We will dive into building your club’s parent’s manual. Setting expectations for families at the beginning of the season is crucial, yet many clubs fail to make it exciting and engaging. I will show you how to avoid this pitfall and create a captivating parent’s manual.
In this episode you will learn:
✔ What is Parent’s manual and why is this important to you and your club
✔ The various list of items that should be included in the parent’s manual
✔ Vision, Values, and Behavior (VVB)
✔ Two areas that are important in outlining your parent’s manual
✔ Swim Parent
A GUIDE TO EXCELLING AS A SWIM PARENT
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00:00:03 – Introduction
This is the Your Sports Resource podcast, where each week you’ll learn actionable strategies that you can implement so the operations of your club support your coaching staff and the direction of your organization, we are committed to excellence in youth sports leadership.
Let’s get started.
Renata Porter here and I want to thank you for joining me today to talk about building your clubs’ parents manual.
I’ve been waiting to have this conversation for a few months, mainly because I want it to be timely, and right now, I know most of you have just started the summer-long course season.
And you should be considering what updates you are going to make for the kickoff of the new Year in August.
One of the most important areas for clubs to focus on is setting expectations for the families at the start of the new season, and you may already have a family or a parent meeting every year and feel like it’s a piece of cake, but I really would like for you to take a step back and consider.
What should be updated or reframed to make an impact?
Even those of you who do this well still deal with families who don’t understand how they are to work with coaches and what practice expectations are or what truly their role as a parent is in competitive swimming and what better way to really establish the expectations.
And providing up-to-date and accurate information piece than using the parent meeting at the start of the year followed up with a pretty robust parents manual.
I think way too many clubs take this opportunity too lightly. And make it boring and not exciting and engaging. And then they don’t take advantage of the mental concept of kicking things off with families in the right way.
Every person loves an opportunity for a reset, and that’s how you should view the parents’ meeting and the information you provide.
So today we’re going to talk about the parents’ manual and then maybe what should be included in the kickoff meeting.
Honestly, every club is going to approach the meeting differently, but where you shouldn’t scamp is the information, you provide to them to take home, right? Which is the manual.
So, I’m going to kick this off with listing out the various items that should be included in the manual, that will seem probably like common sense and it’s not anything that I want to elaborate on, but I’m just going to give you a list. In no particular order of what should be included in the parents’ manual.
So, you’ll want to do. You’ll start off by doing your history or your story, so a bit about the club, how you started, where you came from, anything up into this point, and you would list your current coaches and your board. You should include meet basics.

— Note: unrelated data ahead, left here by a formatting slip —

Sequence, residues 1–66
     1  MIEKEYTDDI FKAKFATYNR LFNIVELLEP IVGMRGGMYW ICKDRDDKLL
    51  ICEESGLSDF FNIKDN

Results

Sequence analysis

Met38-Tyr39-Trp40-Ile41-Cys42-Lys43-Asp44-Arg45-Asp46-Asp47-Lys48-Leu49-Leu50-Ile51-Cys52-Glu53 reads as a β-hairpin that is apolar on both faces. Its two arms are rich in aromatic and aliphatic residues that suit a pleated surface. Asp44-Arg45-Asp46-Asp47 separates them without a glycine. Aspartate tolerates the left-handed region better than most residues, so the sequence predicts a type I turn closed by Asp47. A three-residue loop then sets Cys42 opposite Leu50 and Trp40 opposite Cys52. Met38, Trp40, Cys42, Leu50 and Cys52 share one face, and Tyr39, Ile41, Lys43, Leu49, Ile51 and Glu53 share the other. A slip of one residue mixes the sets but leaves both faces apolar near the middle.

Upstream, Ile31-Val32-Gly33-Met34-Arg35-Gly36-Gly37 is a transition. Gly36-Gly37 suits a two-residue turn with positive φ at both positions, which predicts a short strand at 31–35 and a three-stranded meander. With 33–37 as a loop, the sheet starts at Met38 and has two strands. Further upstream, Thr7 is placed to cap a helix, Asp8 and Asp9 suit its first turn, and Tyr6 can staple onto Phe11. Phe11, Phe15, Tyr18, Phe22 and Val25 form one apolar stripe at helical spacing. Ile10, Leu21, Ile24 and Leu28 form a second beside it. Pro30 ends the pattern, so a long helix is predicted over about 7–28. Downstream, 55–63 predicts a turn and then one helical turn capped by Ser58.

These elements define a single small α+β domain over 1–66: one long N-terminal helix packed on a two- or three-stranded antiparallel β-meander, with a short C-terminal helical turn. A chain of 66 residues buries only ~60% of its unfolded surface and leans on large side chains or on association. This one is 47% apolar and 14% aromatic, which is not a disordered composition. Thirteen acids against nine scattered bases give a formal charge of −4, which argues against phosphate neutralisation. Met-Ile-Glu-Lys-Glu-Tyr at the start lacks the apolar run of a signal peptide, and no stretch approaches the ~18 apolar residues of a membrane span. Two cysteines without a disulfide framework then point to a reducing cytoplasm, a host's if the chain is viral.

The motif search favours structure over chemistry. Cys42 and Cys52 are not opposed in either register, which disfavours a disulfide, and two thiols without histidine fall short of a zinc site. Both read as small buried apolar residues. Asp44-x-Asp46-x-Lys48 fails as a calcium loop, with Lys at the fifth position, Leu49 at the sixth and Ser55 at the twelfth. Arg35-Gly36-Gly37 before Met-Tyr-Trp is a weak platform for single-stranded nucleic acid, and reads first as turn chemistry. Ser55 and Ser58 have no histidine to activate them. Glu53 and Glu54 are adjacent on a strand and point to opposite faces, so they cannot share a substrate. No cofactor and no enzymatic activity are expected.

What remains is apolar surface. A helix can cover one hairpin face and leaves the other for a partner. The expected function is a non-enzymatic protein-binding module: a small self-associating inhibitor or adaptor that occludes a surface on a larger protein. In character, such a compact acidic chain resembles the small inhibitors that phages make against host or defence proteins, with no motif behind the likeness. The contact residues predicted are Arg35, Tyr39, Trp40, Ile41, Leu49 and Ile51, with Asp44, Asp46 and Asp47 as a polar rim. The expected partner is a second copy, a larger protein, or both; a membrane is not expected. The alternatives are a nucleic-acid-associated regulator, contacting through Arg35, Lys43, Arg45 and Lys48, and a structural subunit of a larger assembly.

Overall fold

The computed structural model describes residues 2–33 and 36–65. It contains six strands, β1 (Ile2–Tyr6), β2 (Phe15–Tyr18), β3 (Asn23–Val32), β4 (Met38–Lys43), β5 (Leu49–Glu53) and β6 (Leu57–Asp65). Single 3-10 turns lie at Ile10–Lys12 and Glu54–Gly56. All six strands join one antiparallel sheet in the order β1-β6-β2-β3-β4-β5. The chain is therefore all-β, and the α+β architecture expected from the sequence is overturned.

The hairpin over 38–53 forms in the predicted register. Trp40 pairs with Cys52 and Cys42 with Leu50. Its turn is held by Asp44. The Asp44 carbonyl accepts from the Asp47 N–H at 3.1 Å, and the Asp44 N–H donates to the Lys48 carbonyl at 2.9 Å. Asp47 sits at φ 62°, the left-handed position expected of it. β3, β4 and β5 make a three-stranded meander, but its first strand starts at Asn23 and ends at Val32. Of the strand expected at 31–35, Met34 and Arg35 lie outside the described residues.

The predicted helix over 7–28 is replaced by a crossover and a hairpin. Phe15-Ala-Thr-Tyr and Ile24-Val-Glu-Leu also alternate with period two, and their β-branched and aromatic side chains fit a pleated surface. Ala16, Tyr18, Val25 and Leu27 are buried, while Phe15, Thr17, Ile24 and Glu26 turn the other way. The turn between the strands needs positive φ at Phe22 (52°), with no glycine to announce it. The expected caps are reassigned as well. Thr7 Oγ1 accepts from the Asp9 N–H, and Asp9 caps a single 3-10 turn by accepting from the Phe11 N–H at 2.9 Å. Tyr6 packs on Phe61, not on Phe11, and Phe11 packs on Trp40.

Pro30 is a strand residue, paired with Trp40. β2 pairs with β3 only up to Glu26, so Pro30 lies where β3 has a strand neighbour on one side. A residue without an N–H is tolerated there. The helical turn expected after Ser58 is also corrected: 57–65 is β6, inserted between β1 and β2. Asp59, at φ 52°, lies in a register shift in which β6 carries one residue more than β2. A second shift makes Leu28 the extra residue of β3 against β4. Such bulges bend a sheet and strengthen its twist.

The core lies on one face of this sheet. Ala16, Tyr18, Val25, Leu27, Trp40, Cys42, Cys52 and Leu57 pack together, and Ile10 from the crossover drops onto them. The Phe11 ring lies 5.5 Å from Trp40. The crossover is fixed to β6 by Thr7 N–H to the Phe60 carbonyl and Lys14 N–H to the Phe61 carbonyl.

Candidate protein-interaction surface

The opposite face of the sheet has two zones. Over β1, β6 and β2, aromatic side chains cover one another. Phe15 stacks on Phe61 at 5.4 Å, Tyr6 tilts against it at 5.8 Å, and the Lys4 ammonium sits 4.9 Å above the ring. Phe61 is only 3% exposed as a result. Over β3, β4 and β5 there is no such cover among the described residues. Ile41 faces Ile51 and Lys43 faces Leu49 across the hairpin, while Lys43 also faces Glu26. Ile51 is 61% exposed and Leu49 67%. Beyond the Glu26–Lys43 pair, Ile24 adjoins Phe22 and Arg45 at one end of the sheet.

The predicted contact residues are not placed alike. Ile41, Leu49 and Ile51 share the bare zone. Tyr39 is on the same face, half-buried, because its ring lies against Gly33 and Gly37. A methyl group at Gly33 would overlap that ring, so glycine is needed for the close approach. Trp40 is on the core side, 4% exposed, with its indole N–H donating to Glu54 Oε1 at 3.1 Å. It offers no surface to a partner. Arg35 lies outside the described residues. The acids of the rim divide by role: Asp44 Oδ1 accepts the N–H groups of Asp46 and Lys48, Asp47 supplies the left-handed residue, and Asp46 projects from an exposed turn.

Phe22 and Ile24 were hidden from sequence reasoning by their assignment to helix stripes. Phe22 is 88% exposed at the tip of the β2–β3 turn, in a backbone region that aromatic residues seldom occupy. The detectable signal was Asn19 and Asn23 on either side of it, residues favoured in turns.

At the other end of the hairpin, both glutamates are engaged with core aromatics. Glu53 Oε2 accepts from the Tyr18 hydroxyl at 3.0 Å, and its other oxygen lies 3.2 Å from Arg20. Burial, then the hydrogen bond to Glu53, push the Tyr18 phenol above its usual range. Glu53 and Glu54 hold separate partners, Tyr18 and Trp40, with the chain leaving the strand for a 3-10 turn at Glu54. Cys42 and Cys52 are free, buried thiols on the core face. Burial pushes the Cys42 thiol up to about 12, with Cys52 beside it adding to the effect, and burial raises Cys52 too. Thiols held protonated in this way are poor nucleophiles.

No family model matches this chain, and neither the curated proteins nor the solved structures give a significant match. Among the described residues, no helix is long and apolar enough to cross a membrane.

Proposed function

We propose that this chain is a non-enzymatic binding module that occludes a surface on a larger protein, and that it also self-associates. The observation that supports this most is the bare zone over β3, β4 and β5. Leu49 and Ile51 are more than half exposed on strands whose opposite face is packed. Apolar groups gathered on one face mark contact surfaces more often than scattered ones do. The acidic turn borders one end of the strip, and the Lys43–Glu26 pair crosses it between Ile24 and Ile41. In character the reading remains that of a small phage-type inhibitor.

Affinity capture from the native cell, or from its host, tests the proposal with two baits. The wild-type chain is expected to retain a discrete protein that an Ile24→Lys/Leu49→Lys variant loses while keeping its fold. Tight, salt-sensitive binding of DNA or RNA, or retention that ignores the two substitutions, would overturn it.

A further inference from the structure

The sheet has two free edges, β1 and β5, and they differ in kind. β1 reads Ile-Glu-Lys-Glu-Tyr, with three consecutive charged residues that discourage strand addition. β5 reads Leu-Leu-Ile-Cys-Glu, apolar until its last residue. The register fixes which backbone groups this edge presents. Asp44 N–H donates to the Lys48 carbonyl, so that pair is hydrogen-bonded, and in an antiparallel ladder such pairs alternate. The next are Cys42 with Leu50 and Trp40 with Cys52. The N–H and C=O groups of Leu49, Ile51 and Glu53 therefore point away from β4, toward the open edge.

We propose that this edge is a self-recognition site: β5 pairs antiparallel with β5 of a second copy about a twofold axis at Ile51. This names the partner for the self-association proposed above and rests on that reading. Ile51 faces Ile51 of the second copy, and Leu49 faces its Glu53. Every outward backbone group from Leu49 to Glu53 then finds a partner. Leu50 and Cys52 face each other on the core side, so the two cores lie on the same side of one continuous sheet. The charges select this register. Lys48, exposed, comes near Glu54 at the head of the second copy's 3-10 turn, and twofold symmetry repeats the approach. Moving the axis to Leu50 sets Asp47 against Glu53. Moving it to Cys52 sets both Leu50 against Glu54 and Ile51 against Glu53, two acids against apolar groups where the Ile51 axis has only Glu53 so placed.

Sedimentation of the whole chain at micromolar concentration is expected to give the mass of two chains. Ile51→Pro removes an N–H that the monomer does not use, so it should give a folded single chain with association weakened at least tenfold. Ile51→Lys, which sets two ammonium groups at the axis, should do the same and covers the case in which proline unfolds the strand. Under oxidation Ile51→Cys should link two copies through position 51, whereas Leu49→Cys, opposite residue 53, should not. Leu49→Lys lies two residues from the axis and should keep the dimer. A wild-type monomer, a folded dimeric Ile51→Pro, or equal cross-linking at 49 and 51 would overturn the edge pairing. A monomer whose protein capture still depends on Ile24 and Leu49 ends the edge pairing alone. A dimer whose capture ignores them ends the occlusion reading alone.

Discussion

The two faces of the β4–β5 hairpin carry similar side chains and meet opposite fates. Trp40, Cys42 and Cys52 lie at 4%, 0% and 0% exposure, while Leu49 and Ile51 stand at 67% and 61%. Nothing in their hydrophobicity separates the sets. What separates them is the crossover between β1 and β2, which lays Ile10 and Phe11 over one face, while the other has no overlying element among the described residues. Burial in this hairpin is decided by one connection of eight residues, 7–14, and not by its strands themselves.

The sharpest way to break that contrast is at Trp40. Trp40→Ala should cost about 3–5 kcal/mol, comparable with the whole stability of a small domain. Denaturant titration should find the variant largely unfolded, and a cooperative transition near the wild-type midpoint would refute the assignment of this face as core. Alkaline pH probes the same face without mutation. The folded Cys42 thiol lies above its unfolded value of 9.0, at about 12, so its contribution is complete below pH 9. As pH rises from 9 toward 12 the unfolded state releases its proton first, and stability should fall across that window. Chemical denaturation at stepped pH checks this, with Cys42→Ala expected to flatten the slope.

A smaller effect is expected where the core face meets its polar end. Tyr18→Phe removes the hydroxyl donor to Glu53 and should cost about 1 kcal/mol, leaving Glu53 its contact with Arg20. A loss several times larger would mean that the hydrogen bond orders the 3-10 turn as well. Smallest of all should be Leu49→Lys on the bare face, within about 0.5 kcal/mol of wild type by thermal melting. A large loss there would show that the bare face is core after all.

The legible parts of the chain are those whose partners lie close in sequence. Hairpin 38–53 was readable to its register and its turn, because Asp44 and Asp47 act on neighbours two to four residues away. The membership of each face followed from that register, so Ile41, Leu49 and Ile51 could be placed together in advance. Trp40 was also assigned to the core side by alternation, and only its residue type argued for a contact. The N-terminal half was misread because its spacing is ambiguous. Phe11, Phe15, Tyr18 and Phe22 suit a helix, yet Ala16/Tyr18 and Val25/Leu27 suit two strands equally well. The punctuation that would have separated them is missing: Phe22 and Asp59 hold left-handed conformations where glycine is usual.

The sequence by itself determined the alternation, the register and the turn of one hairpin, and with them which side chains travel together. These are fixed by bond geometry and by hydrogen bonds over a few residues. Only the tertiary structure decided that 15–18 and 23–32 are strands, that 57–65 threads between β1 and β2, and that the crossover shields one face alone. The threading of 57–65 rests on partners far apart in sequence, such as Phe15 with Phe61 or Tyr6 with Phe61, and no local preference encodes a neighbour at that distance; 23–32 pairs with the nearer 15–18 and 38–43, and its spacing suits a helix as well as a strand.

Understanding how to enter using team unify understanding or reading heat sheets, arrival times, and any other expectations, I think what would be good is maybe doing a day in the life of a meet what it looks like. I think that would be helpful to new parents.
Your group standards should be included in the parents’ manual and the requirements for moving from one group to the next, and that is a huge problem for parents who don’t understand how their kids qualify for the next group, so if you can lay that up on the parents manual, that would be great.
Anything about ordering, team gear, and supplies that should be included, and then of course your policies, right? Your code of conduct, your volunteering.
Expectations and even if you feel like you have all these items in team unified to tick off to say that they’ve read them, chances are they haven’t. So, I would make sure that I include all of these policies in the handbook. That way there’s no room for excuses.
I personally would like to see more clubs add in what the board does. Its purpose behind it and how elections work?
And then what committees are there, what they do, the purpose behind them, and then how the parents can be engaged and give back to the club? I think that would help a lot for parents.
Now keep in mind that you must write this information and the parents’ manual or handbook from the perspective of a new member, OK, they don’t know anything, so it must be clear and concise.
Well organized, so it’s easy to follow, right meets are a big stressor. So think about how to write that information and it can clear and concise way. But from the perspective of they’ve never been to a meet before, so they need to understand that.
OK, now there’s two areas that I want to dig into more deeply that I feel are important to outlining your parents’ manual and at your first kickoff meeting. And both of these directly go to the culture of your organization.
1st is the vision values and behaviors and the expectations regarding those behaviors, and the 2nd is what it means to be a great swim parent.
Now both of these I would put right up front, right behind your history and the story about your club, why?
Because this is an area that causes the most problems for a club, the culture of your organization is directly related to the caliber of coaches you have and can attract, as well as the swimmers.
It sets the trajectory of the success of the club. Keep in mind when I say success though, I’m placing in Championship meets is only a part of the puzzle.
OK, ultimately you want a great organization that families love, that they will turn around and recommend to their friends. You’re creating well-rounded, goal-oriented, steeped-in-values, young adults.
You are creating a great place to work for your employees and you’re giving families a safe haven for their children to learn and grow.
You can’t do that. At least not well if your culture is in the toilet. So again, I would start with the vision values and behaviors, and what I would do there is I would explain what they are and why they’re important to the organization.
They should understand that the values are meant for everyone, staff, volunteers, athletes, and parents.